The president, he said, “believes in corporate socialism for the rich and powerful. I believe in a democreatic socialism that works for the working families of this country.”
Speaking with the use of a teleprompter, Mr. Sanders delivered his speech in a small theater at the George Washington University, a dozen flags behind him. The venue, within walking distance of the bureaus of most major news organizations, was filled with people invited by the campaign, as well as members of the news media, which made up about a third of the audience.
His address appeared similar to one he delivered in November 2015 at Georgetown University during his first presidential bid. In that speech, Mr. Sanders — who at the time was mounting an underdog but surprisingly robust challenge to Hillary Clinton — also presented himself as an heir to the policies and ideals of Mr. Roosevelt and Dr. King and cast democratic socialism as a system that ensures people can have health care, access to higher education and jobs that pay at least a minimum wage.
In the political realm, socialism has become an elastic term that takes on different meanings depending on a person’s viewpoint and ideology. Mr. Sanders has taken pains to draw a contrast between his brand of democratic socialism and the kind that prescribes a command economy and government-owned industry. But at times in his long career in public service, he has also advocated for some policies that leaned toward a more traditional definition of socialism.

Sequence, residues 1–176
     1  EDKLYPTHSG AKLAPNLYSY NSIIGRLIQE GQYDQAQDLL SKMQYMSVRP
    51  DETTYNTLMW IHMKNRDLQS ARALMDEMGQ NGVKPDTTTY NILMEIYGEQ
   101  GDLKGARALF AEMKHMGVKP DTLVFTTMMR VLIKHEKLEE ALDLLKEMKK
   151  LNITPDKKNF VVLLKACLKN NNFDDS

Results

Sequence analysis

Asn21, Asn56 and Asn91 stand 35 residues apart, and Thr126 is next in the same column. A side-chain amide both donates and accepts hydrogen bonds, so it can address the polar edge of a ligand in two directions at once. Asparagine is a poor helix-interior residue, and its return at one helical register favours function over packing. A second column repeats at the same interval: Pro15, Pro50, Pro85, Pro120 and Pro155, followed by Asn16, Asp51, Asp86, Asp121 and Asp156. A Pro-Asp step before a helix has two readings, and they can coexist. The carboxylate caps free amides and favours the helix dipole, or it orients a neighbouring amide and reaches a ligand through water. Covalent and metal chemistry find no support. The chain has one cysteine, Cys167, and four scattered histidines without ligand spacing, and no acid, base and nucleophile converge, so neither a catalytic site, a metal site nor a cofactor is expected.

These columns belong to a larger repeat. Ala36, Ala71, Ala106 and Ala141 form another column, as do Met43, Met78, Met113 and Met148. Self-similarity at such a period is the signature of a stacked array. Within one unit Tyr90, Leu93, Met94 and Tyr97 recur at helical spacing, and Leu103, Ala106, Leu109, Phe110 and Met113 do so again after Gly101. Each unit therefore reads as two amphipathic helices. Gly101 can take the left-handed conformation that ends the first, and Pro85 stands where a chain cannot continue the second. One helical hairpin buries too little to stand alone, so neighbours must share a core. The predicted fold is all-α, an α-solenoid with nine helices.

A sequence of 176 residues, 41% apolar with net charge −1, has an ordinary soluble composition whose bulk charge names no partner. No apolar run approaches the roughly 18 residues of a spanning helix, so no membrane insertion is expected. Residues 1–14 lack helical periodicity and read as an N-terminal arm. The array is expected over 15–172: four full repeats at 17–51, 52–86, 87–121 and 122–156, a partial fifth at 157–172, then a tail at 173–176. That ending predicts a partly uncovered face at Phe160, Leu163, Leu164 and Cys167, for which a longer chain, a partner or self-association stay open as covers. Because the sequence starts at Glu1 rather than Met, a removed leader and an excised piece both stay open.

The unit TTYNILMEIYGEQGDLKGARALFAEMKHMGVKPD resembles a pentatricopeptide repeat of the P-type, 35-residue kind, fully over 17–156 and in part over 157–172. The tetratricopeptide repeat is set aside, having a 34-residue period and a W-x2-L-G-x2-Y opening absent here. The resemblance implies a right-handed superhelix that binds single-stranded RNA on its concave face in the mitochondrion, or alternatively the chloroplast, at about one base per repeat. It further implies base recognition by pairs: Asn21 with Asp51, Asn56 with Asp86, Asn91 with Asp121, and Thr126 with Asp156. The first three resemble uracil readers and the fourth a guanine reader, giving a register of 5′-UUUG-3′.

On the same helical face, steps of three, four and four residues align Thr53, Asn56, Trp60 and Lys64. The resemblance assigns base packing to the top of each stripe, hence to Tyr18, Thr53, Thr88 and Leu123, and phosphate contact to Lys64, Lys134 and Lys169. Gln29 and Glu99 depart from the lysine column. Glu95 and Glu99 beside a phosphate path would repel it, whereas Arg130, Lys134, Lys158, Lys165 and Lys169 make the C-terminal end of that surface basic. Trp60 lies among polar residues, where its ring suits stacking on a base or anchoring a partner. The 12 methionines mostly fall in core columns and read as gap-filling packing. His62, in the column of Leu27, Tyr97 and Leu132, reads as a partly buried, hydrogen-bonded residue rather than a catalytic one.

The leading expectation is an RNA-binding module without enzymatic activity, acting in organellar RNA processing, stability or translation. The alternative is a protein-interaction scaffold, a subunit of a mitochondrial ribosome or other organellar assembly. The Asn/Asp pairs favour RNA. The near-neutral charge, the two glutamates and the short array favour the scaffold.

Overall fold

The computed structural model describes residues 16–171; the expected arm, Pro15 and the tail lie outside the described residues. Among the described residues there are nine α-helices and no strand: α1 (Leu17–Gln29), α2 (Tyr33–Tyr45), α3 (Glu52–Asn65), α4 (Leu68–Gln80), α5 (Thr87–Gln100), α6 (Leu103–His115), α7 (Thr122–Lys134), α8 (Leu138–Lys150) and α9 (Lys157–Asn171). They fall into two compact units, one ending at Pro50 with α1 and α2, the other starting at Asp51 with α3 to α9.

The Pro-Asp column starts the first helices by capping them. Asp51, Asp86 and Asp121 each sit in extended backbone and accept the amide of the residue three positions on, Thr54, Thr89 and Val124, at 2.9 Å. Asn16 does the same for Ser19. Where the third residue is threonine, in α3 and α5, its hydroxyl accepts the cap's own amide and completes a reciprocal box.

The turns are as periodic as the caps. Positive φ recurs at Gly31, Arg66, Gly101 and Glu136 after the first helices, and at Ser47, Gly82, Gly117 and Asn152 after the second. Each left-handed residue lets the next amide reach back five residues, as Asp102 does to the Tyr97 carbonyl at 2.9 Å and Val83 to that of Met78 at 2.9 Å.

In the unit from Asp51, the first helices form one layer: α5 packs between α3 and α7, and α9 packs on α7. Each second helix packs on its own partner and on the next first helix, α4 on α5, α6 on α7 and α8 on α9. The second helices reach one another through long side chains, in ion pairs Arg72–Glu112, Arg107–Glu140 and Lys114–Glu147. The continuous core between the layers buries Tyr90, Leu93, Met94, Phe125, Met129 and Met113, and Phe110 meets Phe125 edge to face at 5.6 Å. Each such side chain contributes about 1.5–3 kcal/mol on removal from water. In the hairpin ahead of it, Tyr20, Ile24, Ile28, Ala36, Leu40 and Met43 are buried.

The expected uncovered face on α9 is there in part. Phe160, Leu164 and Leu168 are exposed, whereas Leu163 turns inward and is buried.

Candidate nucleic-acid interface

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In the 1970s, for example, he argued for nationalizing some industries, including energy companies and banks. And as mayor of Burlington in the 1980s, he went further than many Democrats in supporting socialist leaders. Throughout his political career, he has spoken of revolution, espousing a sympathy for the working class and the poor, whom he argues are suffering at the hands of profit-seeking corporations and the rich and powerful who lead them. One of his political heroes is Eugene V. Debs, the labor organizer.
While he remains popular with many in the progressive left, Mr. Sanders has been working in recent months not only to expand his base but also to retain the voters who supported him in 2016. A recent poll from the Des Moines Register and CNN showed that Mr. Sanders had lost ground over the last three months among likely Iowa caucusgoers, even as Senator Elizabeth Warren and Mayor Pete Buttigieg of South Bend, Ind. have surged.
A poll by Monmouth University released on Wednesday, an hour before Mr. Sanders’s speech was set to begin, showed Ms. Warren had surpassed Mr. Sanders among Democratic voters in Nevada, a key early state, with 19 percent support to Mr. Sanders’s 13 percent.